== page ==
Space Empires

This article copyright 1997 by Steffan O'Sullivan
This page last updated March 24, 1997

Space Empires, 1981 from Mayfair Games, is one of those rare gems that is largely overlooked, both in its day and to this day.

The game came out in a mini-size format - not as small as the Metagaming microgames, but the next size larger. The components are therefore simple and cheap, but this doesn't mean it's a poor game. On the contrary, it's an excellent game, one of the few wargames that can be played by two, three, four, five, or six players, and works well at any level.

The game consists of a simple space map with twelve home star systems and maybe half that number minor systems. Each home system is labelled with a unique letter, from A through W, and all but two of them also have a number on the system. The lesser systems simply have the number "1" on each of them. The map also has the combat results table printed on it, and a concise listing of each race's special ability.

There is a slim rulebook, and a number of die-cut counters, and that's it. The counters are space ships, in twelve different colors. There are twelve different races in the game, each beginning with a different letter, corresponding to one of the home systems on the map. A race has a given number of counters, all of which are the same color, and have the race's letter and two numbers on them. The numbers are simply Combat Factor and Movement Factor. One of the races' counters are also uniquely numbered.

To start the game, take one ship of each color and mix them upside down. Each player chooses two ships to represent his home races. If there are any left over (that is, if playing with less than six players), the remaining ships are placed on their home systems to represent minor neutral races' resistance.

The game then goes in four stages:

  1. Production Phase: determine how much production value each player has by totally up the numbers on the systems they control;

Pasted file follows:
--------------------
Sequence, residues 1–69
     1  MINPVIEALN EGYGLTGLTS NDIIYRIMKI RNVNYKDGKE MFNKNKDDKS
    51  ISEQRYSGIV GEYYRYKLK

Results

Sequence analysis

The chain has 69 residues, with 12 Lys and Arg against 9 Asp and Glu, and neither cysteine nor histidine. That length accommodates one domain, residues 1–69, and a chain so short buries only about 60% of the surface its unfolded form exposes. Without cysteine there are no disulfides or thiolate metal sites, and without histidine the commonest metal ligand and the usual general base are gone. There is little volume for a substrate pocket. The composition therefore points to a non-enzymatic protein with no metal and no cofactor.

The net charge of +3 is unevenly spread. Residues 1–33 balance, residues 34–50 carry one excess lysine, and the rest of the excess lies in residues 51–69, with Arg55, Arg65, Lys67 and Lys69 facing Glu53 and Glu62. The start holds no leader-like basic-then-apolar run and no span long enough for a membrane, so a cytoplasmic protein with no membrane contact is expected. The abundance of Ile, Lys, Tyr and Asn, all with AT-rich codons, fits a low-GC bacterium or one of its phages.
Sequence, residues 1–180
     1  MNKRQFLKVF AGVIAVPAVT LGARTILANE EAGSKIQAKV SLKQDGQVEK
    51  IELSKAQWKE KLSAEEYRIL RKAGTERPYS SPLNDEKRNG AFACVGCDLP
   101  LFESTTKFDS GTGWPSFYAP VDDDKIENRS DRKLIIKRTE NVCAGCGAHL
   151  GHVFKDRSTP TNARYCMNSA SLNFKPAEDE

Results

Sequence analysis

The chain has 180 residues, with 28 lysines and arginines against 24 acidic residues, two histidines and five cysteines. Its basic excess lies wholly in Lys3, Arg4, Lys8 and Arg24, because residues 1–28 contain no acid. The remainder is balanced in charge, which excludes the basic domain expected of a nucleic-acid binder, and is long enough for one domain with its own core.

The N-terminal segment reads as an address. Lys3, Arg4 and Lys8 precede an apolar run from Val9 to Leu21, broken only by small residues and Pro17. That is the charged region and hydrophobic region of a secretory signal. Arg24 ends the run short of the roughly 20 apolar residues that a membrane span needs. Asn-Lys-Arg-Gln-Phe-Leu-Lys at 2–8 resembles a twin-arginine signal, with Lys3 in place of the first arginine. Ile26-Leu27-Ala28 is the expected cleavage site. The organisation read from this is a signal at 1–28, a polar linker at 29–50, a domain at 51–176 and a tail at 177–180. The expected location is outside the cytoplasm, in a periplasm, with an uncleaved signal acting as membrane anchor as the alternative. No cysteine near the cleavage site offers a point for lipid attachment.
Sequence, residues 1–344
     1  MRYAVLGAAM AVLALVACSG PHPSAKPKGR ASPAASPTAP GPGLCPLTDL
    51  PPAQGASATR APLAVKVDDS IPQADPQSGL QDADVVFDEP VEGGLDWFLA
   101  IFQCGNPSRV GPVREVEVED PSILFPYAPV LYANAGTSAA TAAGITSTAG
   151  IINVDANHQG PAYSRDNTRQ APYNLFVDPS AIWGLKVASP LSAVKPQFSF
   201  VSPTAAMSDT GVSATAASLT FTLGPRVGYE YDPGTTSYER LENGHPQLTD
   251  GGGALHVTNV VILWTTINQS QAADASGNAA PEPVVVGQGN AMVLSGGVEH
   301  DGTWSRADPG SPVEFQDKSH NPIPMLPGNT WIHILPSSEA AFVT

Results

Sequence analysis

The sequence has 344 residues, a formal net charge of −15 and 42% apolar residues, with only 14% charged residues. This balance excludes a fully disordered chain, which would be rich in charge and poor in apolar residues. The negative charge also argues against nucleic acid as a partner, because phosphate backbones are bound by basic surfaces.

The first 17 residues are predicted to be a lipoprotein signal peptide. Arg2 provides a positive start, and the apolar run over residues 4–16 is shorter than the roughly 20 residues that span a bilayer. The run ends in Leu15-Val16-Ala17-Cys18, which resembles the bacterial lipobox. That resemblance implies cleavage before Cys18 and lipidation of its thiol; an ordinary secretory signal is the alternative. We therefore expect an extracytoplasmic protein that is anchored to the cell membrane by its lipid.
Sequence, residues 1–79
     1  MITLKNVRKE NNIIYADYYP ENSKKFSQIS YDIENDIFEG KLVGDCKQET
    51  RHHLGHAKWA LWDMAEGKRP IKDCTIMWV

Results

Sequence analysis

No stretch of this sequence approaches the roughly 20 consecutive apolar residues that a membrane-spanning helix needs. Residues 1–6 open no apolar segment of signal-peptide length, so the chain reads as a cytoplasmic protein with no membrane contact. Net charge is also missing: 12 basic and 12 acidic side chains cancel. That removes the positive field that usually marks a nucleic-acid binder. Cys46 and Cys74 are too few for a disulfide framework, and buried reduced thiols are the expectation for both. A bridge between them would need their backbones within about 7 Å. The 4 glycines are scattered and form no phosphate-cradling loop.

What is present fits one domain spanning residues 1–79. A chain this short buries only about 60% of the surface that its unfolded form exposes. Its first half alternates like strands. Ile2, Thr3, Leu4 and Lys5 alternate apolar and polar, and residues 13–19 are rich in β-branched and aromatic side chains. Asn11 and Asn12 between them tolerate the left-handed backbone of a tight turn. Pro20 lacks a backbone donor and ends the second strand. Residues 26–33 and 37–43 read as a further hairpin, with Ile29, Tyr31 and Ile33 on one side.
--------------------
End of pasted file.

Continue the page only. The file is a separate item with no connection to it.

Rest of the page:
2. Building Phase: spend production points to build ships - excess points may be saved;
  3. Movement/Combat Phase: each race, in alphabetical order, moves as many ships as desired, then has combat with those which can fight;
  4. Victory Determination Phase: check to see if someone controls seven home systems - if so, the others have one turn in which to reduce him below that number, or the game is over, with the player with seven systems the winner.

Pretty straightforward, actually - there are rules for movement, combat, zones of control, doubled power if defending your home system, and so on. Nothing out of the ordinary in wargaming so far. The Combat Results Table is interesting in having 2-3 and 3-2 columns, and there are no Retreat results: everything is either a kill, an exchange, or remain in contact.

What gives the game a distinct flavor and high replay value is that each of the twelve races has a unique ability, power and speed of ships, and quantity of ships available. The "A" race, for example, has ten ships they can build, all of which have 6-5 value (6 combat factors, 5 movement points). Their special ability is a paralyzing ray: they can capture enemy ships unharmed and take them into their fleet. In game terms, this means that for each ship destroyed with an Eliminated result (not merely an Exchange), they can add one more ship to their stack. The "R" race has ranged weapons; the "V" race has lots of little ships, but can move and attack twice in a given turn, the "W" ships automatically win any attacks without rolling the die, but can be attacked normally; the "D" race can use a "warp" drive to teleport almost anywhere on the board, and so on.

While some of the powers are more useful than others, a race with such a power is then limited either in the counter mix, combat values, movement factors, location of home system, position in the alphabet (for order of movement) or some combination of the above. For example, the "W" race, which wins all attacks automatically, has only four ships it can build, moves last in the turn order, has slow-moving ships, and its home system is in the corner of the map - so it takes it forever to get out and conquer the other races. This means that all the races are roughly equal. They don't have to be exactly equal, because each player starts with two different races. You can mix races you control in a given stack of pieces, and when you conquer a system, you get to control any new ships built of that race.

The chose-two-different-races-randomly at start routine and the fact there are so many different strategies to use with each race give the game a high replay value.

The game's major flaw, as a multi-player game, is that some players will be out of the game early, while the game can continue a long time therafter. The best fix for this is to play for a given time period - say, two hours - and whoever controls the most races (with production points as a tie breaker) at that time wins. That, and have some quick two-player games available for those who are eliminated quickly to enjoy while the others finish up Space Empires.

While out of print, the game should still be available at conventions from used-game dealers, or in auctions. Pick one up if you like the idea of multi-player science fiction wargames - this is a good one.

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